19 Apr 2009

Sexus, Henry Miller, Vol. 1, pp.14a-16a

[A summary through sometimes-censored citation.]

Henry Miller

Sexus: The Rosy Crucifixion

Volume One

pp. 14a-16a

Last night the protagonist waited all evening for his new lover. She never showed. He went home to sleep.
Sunday morning. I awaken fresh as a daisy. The world lies before me, unconquered, unsullied, virgin as the Arctic zones. (14a)
He decides he will just go to her home and ring for her.
Here I am, take me or stab me to death. Stab the heart, stab the brain, stab the lungs, the kidneys, the viscera, the eyes, the ears. If only one organ be left alive you are doomed doomed to be mine, forever, in this world and the next and all the worlds to come. I'm a desperado of love, a scalper, a slayer. I'm insatiable. I eat hair, dirty wax, dry blood clots, anything and everything you call yours. (14bc)
He travels toward her residence, and affirms his chances.
I believe in God the Father, in Jesus Christ his only begotten Son, in the blessed Virgin Mary, the Holy Ghost, in Adam Cadmium, in chrome nickel, the oxides and the mercurichromes, in water-fowls and water0cress, in epileptoid seizures, in bubonic plagues, in Devachan, in planetary conjunctions, in chicken tracks and stick throwing, in revolutions, in stock crashes, in wars, earthquakes, cyclones, in Kali Yuga and in hula-hula. I believe. I believe. I believe because not to believe is to become as lead, to lie prone and rigid, forever inert, to waste away. (14-15)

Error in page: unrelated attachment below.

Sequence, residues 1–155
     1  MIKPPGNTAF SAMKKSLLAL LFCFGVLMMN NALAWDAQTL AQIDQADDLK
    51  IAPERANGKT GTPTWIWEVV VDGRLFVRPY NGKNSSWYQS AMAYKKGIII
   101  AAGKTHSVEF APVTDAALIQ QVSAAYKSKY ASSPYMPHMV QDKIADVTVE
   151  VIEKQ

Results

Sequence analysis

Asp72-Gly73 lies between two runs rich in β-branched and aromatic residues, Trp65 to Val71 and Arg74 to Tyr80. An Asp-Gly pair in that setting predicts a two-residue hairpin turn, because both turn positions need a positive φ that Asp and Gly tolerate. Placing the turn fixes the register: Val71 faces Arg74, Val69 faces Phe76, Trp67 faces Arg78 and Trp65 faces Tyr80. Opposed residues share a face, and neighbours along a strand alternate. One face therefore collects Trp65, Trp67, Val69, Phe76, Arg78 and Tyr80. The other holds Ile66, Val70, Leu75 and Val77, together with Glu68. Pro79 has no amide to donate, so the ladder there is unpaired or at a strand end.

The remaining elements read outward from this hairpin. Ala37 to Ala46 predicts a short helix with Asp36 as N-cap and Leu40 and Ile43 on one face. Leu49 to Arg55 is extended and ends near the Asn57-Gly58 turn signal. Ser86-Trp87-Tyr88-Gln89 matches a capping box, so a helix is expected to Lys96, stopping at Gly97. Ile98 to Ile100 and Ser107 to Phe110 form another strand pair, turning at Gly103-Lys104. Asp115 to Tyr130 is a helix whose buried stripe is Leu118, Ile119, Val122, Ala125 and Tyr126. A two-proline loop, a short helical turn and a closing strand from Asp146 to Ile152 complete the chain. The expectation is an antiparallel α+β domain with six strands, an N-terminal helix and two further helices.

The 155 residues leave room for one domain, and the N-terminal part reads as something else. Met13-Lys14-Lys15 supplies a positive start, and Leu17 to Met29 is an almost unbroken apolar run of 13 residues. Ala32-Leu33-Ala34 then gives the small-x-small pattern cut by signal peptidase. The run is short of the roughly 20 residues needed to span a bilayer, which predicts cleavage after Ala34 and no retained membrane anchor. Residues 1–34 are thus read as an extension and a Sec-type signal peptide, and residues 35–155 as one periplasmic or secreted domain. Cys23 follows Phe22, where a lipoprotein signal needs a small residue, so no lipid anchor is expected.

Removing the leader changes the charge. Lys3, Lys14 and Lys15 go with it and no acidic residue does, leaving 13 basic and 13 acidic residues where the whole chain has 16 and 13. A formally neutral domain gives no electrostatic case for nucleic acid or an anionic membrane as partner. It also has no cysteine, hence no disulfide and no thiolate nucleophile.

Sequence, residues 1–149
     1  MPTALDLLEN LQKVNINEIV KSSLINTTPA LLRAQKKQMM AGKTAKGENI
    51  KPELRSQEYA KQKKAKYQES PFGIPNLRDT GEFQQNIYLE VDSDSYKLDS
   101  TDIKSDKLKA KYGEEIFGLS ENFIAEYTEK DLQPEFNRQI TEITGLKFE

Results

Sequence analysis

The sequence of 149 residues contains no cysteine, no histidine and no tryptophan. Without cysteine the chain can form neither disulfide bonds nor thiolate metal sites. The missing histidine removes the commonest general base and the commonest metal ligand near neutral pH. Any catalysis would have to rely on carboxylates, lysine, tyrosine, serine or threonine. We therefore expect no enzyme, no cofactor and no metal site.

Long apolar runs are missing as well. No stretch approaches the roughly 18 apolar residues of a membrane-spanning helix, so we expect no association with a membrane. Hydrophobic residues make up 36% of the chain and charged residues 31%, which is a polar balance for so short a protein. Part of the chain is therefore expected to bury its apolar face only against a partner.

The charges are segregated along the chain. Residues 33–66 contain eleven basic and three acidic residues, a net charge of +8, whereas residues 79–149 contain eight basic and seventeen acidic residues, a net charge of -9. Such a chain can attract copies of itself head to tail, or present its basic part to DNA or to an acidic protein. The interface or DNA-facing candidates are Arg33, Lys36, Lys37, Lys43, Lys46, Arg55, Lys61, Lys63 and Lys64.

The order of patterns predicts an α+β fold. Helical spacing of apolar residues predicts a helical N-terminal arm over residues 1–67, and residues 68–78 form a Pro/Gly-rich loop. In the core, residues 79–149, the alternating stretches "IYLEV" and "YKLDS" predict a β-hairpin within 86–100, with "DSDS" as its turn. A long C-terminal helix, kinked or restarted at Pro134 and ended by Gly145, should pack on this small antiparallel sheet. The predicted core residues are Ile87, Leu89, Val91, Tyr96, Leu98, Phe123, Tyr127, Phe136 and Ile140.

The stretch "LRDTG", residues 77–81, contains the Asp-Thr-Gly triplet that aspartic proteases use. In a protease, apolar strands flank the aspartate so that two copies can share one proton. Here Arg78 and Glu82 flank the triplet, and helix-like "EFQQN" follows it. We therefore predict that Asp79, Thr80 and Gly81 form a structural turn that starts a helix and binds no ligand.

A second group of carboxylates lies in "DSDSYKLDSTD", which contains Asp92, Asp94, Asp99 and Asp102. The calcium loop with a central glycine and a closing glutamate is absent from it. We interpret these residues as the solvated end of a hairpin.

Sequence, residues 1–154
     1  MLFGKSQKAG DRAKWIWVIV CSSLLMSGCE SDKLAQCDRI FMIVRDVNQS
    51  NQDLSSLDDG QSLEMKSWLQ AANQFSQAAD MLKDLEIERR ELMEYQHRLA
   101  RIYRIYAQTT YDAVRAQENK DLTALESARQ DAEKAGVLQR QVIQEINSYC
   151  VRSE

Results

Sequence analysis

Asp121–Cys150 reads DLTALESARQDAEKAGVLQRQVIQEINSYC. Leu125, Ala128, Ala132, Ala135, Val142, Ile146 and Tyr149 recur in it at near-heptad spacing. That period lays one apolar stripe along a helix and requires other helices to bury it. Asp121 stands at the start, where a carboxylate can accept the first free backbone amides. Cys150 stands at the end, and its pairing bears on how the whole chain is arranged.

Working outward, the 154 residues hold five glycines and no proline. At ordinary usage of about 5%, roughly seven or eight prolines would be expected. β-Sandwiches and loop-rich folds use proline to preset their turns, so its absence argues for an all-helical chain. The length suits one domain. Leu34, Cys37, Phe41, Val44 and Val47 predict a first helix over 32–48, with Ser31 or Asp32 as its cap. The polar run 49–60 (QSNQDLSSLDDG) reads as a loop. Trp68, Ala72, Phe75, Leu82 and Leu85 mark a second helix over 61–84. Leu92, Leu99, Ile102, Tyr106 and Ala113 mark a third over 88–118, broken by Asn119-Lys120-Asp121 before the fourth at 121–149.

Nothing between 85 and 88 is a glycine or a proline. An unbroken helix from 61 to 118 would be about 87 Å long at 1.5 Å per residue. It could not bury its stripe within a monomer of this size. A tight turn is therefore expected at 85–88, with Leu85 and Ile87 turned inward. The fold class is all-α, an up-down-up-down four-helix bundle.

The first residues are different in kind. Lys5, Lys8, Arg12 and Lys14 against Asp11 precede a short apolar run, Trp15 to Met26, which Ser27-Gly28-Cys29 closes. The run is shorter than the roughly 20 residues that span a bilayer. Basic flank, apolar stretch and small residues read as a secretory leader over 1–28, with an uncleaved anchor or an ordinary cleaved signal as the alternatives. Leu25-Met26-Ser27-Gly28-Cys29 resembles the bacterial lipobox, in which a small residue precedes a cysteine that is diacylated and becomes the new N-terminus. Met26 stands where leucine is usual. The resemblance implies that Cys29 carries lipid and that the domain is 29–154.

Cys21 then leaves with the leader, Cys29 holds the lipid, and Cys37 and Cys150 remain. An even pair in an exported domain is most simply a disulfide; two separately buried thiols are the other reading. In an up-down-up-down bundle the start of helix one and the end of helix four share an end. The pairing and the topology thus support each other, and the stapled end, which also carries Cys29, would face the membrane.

On his way, he sees no rural scenes, just signs of civilization.
Where are the beasts of the field, the crops, the manure, the roses that flower in the midst of corruption? I see railroad tracks, gas stations, cement blocks, iron girders, tall chimneys, automobile cemeteries, factories, warehouses, sweat shops, vacant lots. Not even a goat in sight. I see it all clearly and distinctly : it spells desolation, death, death everlasting. For thirty years now I have worn the iron cross of ignominious servitude, serving but not believing, working but taking no wages, resting but knowing no peace. Why should I believe that everything will suddenly change, just having her, just loving and being loved?
Nothing will be changed except myself.
As he nears her house, he sees some other woman hanging clothes in the back-yard. He does not want to encounter her, so he circles the block.
when I come again to the door she is gone. Somehow my courage too is gone. (15c)
He rings. A tall young man opens the door. She is not in. He does not know when she will be back.
Then good-bye and bang! The door is staring me in the face. Young man, you'll regret this. One day I'll return with a shot-gun and blow your t.֫·ˌ`֝·˖֗off... So that's it! Everybody on guard, everybody tipped off, everybody trained to be elusive and evasive. Miss Mara is never where she's expected to be, nor does anybody know where she might be expected to be. Miss Mara inhabits the airs: volcanic ash blown hither and thither by the Trade winds. (15-16)

Miller, Henry. Sexus: The Rosy Crucifixion. New York: Grove Press, 1965.

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